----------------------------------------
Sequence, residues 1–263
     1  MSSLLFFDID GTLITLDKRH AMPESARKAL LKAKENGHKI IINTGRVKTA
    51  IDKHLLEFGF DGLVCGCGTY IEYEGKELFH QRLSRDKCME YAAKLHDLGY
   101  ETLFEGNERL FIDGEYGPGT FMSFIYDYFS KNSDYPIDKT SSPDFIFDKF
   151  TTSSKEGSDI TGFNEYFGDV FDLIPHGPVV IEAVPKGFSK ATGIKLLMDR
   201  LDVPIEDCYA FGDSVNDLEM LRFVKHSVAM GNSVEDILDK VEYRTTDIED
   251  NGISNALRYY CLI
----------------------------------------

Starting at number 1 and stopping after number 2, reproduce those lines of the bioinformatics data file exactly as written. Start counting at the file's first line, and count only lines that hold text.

Sequence, residues 1–263
     1  MSSLLFFDID GTLITLDKRH AMPESARKAL LKAKENGHKI IINTGRVKTA